On March 11, pumped to kick off their annual joint military drills, the United States and South Korea were all like "Let's do this thing."
The US-South Korea bromance did not please North Korea.
Just over a week later, on March 20, South Korea was hit with coordinated cyberattacks which knocked out computers and servers at three major television networks and at three banks. In response, the South Koreans were all like, "Not cool, bro!"
And while the source of the attacks remains under investigation, North Korean involvement has been suspected. In response, North Korea was all like, "Don't hate the playa hate the game."
Meanwhile, the UN passed a resolution which green-lit a formal investigation into North Korea's suspected human rights violations — and on March 22, North Korea was all like, "Ain't nobody got time for that!"
What the North Koreans did have time for, however, was cutting off the military hotline to its Kaesong industrial complex, which is jointly run with the South and is the last major example of inter-Korean cooperation.
Then in a show of force on March 28, the United States announced that two of its nuclear-capable B-2 bombers had joined the military drills with South Korea — which, of course, prompted North to be all like:
On March 29, Kim Jong Un convened an "urgent meeting" of his senior generals. State media quotes him as saying, " The time has come to settle accounts with the US imperialists." Yikes.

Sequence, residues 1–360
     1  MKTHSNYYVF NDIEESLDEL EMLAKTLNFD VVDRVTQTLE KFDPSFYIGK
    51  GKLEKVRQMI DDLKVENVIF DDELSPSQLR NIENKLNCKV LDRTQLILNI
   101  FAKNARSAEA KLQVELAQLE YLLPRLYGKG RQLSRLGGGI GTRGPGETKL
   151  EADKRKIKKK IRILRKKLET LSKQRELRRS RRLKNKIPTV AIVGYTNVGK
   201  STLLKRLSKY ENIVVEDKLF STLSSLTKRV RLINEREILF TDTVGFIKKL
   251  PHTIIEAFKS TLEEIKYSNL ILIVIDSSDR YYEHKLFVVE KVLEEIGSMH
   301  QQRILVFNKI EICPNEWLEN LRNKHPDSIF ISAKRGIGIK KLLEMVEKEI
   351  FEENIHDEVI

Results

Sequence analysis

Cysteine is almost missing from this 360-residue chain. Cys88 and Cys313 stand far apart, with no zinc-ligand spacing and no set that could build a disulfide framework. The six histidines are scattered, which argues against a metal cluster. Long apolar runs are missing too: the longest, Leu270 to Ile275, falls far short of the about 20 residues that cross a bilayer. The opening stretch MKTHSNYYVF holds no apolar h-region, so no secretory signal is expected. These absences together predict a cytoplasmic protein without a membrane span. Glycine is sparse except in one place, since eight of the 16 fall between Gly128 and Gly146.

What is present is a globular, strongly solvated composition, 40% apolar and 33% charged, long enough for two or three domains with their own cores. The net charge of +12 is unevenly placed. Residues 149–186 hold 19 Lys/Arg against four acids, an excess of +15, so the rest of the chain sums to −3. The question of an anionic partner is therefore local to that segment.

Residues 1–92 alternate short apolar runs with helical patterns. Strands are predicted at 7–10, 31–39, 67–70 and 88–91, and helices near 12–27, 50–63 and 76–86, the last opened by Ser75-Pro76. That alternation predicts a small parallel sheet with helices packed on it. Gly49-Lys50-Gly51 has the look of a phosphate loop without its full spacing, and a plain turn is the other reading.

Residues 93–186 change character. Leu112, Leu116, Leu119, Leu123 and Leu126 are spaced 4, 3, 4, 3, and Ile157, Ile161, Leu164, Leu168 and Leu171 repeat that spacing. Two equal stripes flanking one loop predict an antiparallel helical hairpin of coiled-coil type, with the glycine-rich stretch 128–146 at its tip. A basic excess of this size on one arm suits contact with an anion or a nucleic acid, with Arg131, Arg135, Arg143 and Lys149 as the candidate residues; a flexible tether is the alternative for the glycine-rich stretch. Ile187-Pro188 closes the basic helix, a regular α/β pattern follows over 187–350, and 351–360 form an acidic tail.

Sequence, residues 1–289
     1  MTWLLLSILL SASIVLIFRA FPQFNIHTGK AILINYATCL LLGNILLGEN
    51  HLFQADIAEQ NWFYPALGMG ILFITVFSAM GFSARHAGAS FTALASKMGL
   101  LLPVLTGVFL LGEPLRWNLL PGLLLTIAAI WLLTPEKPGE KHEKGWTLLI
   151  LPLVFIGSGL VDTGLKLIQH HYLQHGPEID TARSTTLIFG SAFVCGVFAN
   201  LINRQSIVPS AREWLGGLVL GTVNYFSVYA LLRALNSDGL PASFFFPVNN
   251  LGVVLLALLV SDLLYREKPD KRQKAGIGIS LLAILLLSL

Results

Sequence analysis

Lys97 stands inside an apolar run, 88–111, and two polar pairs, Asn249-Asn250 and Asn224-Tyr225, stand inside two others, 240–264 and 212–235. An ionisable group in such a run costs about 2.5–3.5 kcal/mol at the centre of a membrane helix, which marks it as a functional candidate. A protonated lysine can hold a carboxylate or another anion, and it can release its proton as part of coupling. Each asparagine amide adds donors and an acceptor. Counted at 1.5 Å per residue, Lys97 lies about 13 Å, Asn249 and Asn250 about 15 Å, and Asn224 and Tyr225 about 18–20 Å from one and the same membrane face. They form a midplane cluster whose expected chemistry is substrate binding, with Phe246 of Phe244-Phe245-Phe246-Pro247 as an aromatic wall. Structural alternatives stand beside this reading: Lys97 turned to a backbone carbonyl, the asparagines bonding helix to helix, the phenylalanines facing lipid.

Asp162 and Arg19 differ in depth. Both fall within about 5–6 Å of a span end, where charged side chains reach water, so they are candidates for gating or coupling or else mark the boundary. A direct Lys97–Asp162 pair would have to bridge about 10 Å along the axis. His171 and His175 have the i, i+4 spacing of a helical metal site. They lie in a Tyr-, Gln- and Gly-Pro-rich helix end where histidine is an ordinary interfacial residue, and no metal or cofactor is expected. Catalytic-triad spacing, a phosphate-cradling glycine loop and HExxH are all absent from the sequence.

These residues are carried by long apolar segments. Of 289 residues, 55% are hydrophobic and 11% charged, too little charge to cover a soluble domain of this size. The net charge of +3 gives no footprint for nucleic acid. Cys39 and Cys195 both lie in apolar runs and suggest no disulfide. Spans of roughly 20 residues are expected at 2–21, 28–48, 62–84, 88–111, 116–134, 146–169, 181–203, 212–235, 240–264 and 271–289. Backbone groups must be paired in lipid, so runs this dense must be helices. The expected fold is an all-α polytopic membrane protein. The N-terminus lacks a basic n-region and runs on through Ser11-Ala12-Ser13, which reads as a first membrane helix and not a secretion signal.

On March 30, Kim Jong Un followed up his first round of tough talk and was all like, "Hostilities will not be limited to a local war, but develop into an all-out war, a nuclear war."
Adhering to the bro code, on April 1, the US gave their South Korean pals some backup, sending in F-22 stealth fighter jets to participate in the US-South Korea war games — a tactic which roughly translates to the US being all like, "Get out of my house!"
This, of course, did not make the the North Koreans happy.
Other countries around the world started to feel the heat.
France was all like:
Switzerland was all like, "This ain't my jam."
China, stepping in as the reluctant disciplinarian, was all like:
And South Korea, puffed up by the fact that the US had their backs, was all like:
Meanwhile, the rest of the world was, for lack of a better word, unimpressed by the whole chain of events.
More from GlobalPost on the rising tension on the Koreas Peninsula: Conflict in the Koreas